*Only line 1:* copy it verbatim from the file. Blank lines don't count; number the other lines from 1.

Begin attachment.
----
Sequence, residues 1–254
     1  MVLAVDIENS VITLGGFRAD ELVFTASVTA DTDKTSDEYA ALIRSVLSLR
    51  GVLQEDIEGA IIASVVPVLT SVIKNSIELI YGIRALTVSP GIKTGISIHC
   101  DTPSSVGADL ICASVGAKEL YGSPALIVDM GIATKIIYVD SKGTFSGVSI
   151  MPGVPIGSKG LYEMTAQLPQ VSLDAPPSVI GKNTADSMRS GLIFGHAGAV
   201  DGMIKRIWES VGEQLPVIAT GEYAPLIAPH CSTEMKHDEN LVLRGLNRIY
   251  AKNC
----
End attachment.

Sequence, residues 1–254